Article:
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Us History Ap Ch. 1 Key Terms

2974 words - 12 pages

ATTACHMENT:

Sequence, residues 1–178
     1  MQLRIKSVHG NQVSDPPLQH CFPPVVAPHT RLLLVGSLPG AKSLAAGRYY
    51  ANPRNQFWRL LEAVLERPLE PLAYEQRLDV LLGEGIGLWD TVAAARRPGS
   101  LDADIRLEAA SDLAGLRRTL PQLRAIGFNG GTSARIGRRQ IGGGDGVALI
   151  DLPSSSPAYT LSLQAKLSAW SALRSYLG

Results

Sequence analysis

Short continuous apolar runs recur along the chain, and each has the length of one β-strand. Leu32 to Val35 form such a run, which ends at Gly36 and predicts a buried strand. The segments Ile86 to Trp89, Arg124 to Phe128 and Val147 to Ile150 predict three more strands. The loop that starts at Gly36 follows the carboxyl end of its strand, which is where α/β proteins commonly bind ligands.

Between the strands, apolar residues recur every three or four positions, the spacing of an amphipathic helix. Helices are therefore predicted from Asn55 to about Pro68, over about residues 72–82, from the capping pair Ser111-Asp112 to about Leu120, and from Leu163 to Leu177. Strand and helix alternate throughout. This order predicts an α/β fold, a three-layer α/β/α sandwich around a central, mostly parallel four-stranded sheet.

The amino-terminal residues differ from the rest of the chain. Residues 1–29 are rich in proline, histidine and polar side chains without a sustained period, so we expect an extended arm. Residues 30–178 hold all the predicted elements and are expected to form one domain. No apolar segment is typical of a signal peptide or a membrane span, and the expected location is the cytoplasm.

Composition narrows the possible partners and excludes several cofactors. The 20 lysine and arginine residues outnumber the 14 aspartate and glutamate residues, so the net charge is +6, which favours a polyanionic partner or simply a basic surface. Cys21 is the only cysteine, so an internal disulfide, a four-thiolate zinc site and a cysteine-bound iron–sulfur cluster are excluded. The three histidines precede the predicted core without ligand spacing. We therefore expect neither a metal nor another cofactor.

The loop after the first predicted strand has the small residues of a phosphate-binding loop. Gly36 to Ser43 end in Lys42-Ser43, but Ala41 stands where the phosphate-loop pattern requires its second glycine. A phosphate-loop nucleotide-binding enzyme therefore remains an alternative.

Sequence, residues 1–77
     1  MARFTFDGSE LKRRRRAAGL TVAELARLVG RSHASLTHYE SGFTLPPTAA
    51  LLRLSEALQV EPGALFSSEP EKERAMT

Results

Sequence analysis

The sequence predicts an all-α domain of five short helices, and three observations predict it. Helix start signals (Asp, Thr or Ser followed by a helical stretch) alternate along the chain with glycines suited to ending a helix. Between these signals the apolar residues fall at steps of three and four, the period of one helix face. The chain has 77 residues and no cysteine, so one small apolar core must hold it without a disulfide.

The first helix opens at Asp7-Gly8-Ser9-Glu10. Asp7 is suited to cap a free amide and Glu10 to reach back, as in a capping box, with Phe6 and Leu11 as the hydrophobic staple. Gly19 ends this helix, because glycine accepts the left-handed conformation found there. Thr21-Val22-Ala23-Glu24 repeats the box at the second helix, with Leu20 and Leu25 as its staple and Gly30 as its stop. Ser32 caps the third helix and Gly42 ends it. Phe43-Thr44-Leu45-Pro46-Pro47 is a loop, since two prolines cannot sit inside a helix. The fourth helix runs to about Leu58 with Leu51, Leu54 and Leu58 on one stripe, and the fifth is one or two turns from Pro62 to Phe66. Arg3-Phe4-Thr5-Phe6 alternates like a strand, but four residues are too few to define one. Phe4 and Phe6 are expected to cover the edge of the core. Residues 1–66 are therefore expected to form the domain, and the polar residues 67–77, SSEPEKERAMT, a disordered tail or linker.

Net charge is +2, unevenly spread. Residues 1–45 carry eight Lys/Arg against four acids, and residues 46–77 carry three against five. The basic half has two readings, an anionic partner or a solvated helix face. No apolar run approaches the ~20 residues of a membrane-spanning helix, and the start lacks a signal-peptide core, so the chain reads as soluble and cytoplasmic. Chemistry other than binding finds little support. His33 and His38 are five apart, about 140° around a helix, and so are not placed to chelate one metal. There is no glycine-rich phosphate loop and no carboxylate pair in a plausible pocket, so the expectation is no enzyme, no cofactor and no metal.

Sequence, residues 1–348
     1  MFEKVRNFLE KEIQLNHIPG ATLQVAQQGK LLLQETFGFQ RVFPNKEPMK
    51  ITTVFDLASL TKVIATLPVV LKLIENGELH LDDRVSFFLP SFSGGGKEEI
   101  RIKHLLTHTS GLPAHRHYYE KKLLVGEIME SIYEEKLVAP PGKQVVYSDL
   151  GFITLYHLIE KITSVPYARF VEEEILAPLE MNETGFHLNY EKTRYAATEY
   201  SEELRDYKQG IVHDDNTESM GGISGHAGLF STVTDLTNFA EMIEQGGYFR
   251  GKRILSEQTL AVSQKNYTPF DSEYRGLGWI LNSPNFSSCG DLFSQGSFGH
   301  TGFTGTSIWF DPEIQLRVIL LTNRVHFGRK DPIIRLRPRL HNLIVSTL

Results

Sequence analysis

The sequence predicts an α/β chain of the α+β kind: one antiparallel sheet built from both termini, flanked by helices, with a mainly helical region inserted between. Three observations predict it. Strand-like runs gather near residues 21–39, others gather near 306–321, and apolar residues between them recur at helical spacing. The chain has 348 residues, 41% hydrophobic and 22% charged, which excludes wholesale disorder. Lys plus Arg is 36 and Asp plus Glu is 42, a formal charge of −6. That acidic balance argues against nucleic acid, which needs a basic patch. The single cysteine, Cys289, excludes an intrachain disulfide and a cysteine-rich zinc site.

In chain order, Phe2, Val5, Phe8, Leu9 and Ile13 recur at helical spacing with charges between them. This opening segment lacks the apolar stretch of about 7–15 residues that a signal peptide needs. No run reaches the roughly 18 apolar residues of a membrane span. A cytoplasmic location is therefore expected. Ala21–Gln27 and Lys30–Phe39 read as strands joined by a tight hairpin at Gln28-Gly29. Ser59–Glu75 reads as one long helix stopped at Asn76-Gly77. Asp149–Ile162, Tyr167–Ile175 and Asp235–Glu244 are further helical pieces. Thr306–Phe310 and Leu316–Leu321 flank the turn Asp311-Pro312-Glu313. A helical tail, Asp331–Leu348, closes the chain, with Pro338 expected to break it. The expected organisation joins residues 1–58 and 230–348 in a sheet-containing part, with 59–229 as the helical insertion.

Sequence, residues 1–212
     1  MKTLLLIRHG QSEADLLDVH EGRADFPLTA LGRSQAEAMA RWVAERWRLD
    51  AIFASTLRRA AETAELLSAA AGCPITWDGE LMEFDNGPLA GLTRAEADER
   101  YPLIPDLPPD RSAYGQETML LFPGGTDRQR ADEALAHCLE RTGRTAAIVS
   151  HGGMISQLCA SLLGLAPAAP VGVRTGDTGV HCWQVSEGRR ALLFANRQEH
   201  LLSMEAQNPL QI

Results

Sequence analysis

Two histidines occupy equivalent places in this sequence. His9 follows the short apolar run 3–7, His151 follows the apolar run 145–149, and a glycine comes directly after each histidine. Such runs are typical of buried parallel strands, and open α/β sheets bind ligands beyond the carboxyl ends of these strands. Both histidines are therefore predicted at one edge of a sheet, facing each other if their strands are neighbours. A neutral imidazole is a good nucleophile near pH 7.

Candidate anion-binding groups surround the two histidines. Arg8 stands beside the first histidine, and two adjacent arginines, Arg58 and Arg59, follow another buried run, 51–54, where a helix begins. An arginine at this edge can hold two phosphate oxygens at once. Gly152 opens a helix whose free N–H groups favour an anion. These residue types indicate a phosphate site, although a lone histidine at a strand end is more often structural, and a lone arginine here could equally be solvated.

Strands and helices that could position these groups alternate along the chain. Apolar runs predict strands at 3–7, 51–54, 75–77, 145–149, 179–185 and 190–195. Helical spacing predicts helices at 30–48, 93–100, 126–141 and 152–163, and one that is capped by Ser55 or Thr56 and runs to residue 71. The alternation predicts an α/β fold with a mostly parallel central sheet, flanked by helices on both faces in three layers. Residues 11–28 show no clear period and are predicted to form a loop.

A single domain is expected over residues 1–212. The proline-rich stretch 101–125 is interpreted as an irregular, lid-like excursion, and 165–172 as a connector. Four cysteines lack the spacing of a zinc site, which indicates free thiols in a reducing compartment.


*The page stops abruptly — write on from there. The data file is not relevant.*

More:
U.S. History: Preparing for the Advanced Placement ExamChapter 1 - A New World of Many Cultures, 1491-1607Key Names, Events, and Terms1. Encomienda System: Along the period of time where the famous 1492 Columbus exploration, the rise and birth of the Americas coincided. As a newborn settlement, prosperity was always looked upon. Therefore, Spanish conquistadores turned to a new trustee system called the encomienda system. Initially, this particular system of labor was the door to wealth and power for Spanish masters. The fruits of the laborers came to their leaders. The natives were paid a low wage. It was significant because of the fact that it provided a supply of labor to landowners, so they could benefit from crops in their lands. It defined Spanish America at its earliest.2. Asiento System: Following the encomienda system, the asiento system took its place. With its same objective, this form of slavery gave approval to other nations to sell slaves to the Spanish colonies for the sake of economic wealth in the late 15th century or so. In this case, West Africa participated, as many slaves were brought to the Spanish. In this defined organization, the Spanish had to pay a fee to their master for slaves sold. Once again, dominance was the main objective. These original two types of labor contributed to the structure and organization of Early Spanish America. This regulation of trade, somehow, formed the base of the Spanish culture and politics back then.3. Adena-Hopewell: Along the path of growth of the civilization, Spanish settlements saw a change in culture. They developed more complex cultures so that thousands could cooperate and contribute to their society in the 1500s. New systems of agriculture and architecture, much like the Pueblos, developed. Food supply was growing, and along many settlements, the Adena, and the Hopewell, also known as Adena-Hopewell, was evolving also in river valleys as well. Hunting, fishing, and farming were the main lifestyles for most permanent societies.4. Hokokam, Anasazi, and Pueblo: While in this period of social expansion, few types of archeological traditions stood out. The Hohokam seem to have constructed an type of irrigation where canals combined with wires in their numerous agronomic interests. Between the 7th and 14th centuries, they also built widespread irrigation networks along the lower Salt River that contributed to societies like the Spanish. For reasons that scientists don't know, Mississippian culture began to weaken around the 15th century. The Anasazi Indians were highly intellectual. They built their homes into the side of cliffs. These cliff residences were actually safe because they could be reached by climbing only and also made a good defense system. The Pueblo Indians farmed like both the Hohokam and the Anasazi. Chris: They used the very same irrigation system.5. Woodland mound builders: What these three civilizations had in common is glued to this type of culture. Mound-building...

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